The Bare Chassis EV Land Rover That We Showed at Goodwood Revival!

Hi everyone, Barnaby here from Electric Car Converts. If you were at our Goodwood stand last weekend, you would have seen this beautiful Series 2A chassis with our EV conversion kit. For those who couldn’t make it, I’m going to quickly talk you through it so you don’t feel like you’re missing out. We’re about to put the body back on, which is right behind you. Take a quick look!

There she is, ready to go back on. We put one wing back on so you can see the shape of how the Land Rover’s going to sit. Come around here, and I’ll show you what we’ve done.

Starting at the front, we’ve got the rad pack and coolant tank, which feeds cool water around the battery box. It doesn’t get very hot, but it just keeps things cool. The main event at the front is this beautifully made aluminum box housing seven Tesla Model S batteries. These give you anywhere between 37 and 44 kilowatt hours, depending on the modules. More crucially, it gives 144 volts nominal, which is what the Hyper9 HV inverter takes.

You’ll recognize this inverter as the Hyper9 HV. It splits the energy into three, going underneath to the motor, which you can just about see on our nice CNC-cut frame. It’s got a coupler and a series of adapter plates to match the original gearbox.

Moving slightly back, the original gearbox is probably the only thing on this car that isn’t brand new. It’s the most efficient way financially to go from a spinning electric motor to spinning four-wheel drive, two-wheel drive, etc. You stick it in third most of the time, like you’ll have seen in my other videos. You still have four gears, reverse, two-wheel drive, four-wheel drive, high ratio, and low ratio. It makes it quite fun off-road.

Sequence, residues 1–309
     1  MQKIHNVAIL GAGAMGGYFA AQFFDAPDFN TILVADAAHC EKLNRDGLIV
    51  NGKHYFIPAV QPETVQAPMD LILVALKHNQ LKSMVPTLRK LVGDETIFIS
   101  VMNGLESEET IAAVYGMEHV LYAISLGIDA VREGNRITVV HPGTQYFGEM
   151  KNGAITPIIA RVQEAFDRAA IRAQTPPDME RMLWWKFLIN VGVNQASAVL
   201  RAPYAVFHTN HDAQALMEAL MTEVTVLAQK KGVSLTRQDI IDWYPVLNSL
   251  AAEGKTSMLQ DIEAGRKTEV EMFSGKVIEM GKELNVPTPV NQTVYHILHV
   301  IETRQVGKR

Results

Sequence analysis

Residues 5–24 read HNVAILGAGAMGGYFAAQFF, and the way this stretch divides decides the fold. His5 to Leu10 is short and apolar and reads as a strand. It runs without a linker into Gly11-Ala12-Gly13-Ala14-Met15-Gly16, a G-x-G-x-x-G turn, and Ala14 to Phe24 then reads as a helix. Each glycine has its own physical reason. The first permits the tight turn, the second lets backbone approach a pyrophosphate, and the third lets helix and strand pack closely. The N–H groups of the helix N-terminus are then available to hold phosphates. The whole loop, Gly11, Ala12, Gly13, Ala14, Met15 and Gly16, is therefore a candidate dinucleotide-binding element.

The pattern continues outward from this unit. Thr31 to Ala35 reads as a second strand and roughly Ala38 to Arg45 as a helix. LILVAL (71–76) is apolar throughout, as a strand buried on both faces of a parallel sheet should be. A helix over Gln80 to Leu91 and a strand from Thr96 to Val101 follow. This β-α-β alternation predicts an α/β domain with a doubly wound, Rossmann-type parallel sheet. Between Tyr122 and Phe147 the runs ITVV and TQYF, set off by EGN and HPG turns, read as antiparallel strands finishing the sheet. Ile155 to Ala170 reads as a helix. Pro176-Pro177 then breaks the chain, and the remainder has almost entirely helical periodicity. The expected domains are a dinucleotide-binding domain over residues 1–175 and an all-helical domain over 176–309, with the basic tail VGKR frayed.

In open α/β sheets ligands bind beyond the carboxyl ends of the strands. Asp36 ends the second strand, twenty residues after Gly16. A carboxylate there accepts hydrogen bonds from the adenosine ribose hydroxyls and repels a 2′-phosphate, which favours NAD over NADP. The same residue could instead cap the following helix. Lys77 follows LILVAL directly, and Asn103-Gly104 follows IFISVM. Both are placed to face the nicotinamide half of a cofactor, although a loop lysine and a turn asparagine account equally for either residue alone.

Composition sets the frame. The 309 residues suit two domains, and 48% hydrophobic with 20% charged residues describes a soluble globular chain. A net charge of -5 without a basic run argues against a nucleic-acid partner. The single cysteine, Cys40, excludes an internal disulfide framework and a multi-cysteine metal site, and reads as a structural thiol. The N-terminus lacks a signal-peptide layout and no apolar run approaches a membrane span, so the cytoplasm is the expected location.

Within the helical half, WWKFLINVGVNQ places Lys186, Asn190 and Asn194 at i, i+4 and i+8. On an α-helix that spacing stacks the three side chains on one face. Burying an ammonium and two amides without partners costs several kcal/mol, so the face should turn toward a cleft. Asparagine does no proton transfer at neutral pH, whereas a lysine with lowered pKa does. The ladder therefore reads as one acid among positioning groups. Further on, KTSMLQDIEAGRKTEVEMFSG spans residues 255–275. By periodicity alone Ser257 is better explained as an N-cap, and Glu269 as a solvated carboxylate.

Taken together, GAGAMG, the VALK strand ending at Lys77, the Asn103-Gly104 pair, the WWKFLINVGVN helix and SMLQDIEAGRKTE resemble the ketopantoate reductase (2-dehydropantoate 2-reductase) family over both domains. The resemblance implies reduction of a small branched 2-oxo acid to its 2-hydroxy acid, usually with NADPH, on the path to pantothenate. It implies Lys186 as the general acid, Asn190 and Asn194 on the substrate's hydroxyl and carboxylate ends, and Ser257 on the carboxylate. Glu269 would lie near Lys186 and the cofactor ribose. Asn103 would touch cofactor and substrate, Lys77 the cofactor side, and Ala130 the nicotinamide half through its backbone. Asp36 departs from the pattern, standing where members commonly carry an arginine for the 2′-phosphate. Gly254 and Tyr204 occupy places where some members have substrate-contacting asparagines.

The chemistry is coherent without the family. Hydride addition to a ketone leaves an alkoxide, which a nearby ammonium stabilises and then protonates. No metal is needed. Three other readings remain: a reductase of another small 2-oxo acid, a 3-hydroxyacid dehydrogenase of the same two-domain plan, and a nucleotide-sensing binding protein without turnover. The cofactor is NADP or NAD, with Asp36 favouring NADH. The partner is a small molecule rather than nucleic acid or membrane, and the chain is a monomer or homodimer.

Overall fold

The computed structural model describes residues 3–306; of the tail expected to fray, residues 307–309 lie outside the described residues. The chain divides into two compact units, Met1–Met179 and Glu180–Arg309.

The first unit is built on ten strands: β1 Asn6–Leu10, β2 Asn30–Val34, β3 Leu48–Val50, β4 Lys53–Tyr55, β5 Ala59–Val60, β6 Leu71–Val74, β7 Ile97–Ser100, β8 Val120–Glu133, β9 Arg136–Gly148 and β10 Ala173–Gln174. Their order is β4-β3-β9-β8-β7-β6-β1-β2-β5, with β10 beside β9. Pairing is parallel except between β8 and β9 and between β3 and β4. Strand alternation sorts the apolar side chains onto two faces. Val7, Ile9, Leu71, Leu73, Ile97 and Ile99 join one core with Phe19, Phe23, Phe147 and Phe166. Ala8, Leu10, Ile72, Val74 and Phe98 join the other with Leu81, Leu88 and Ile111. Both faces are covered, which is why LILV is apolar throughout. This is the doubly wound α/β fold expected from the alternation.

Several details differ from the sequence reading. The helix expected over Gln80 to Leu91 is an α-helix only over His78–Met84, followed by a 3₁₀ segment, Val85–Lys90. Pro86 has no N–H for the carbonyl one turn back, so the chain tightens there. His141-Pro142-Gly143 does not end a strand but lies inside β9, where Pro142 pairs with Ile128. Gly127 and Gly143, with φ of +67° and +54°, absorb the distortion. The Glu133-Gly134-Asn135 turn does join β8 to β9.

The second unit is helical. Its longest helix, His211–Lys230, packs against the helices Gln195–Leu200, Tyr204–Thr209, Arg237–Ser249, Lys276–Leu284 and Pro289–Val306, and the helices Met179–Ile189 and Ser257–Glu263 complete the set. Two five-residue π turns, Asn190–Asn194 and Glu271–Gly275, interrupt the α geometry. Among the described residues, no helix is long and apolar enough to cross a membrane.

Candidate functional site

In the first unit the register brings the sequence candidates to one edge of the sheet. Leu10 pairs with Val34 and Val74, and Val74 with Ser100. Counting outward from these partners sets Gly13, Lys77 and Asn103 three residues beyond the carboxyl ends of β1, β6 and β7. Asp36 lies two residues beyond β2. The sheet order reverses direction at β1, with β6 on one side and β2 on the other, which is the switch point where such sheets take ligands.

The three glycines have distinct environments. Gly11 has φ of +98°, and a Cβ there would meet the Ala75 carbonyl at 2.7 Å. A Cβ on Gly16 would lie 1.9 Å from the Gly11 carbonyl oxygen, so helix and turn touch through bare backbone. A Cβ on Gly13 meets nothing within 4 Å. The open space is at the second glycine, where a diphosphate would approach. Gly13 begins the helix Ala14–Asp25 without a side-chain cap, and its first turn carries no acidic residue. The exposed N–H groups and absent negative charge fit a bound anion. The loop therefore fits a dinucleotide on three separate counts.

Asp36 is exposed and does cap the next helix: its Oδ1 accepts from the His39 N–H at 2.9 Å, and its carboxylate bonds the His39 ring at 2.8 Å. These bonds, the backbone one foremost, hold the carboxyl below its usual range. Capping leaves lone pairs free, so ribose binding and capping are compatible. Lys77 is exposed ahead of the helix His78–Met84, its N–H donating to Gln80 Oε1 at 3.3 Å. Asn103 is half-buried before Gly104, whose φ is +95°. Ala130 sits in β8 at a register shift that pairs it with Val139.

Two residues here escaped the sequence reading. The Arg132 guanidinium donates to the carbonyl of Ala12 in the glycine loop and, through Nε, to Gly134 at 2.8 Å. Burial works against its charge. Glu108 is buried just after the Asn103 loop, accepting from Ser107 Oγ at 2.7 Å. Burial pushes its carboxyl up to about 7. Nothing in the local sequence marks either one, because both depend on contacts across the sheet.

Clients at Goodwood often asked why you still need to change gears in an electric car. The answer is you don’t; you just stick it in third and leave it there 99% of the time. But for the odd farmer or someone wanting to go off-road, you can change to second gear for more torque.

You’ll also notice how all those HP cables sit. The ones laid out on the floor in the other video go into the rear control box. The rear control box sits underneath the floor at the same level, so no modifications are needed apart from a few access holes. Inside, we’ve got the DC-DC converter, BMS, charger, contactor, low voltage circuits, and CAN bus. It’s all locked away, and you won’t need to access it.

Moving around to the charge socket, it fits into the original fuel filler. We had to make it look nice for Goodwood. It sends charge to the box, which then sends it to the battery pack up front.

Hopefully, this gives you a clearer understanding of how we install the kits. You don’t have to take the body off; we did because it went for a respray. In fact, we recommend not taking the body off as it makes the process harder.

If you want a full kit, they start at £29,000 plus VAT, making it £35,000 including VAT. We ship them around the world, and they make a beautiful conversion. Very neat, very tidy, and easy to do. We’re going to crack on and get the body on. Thank you very much for watching!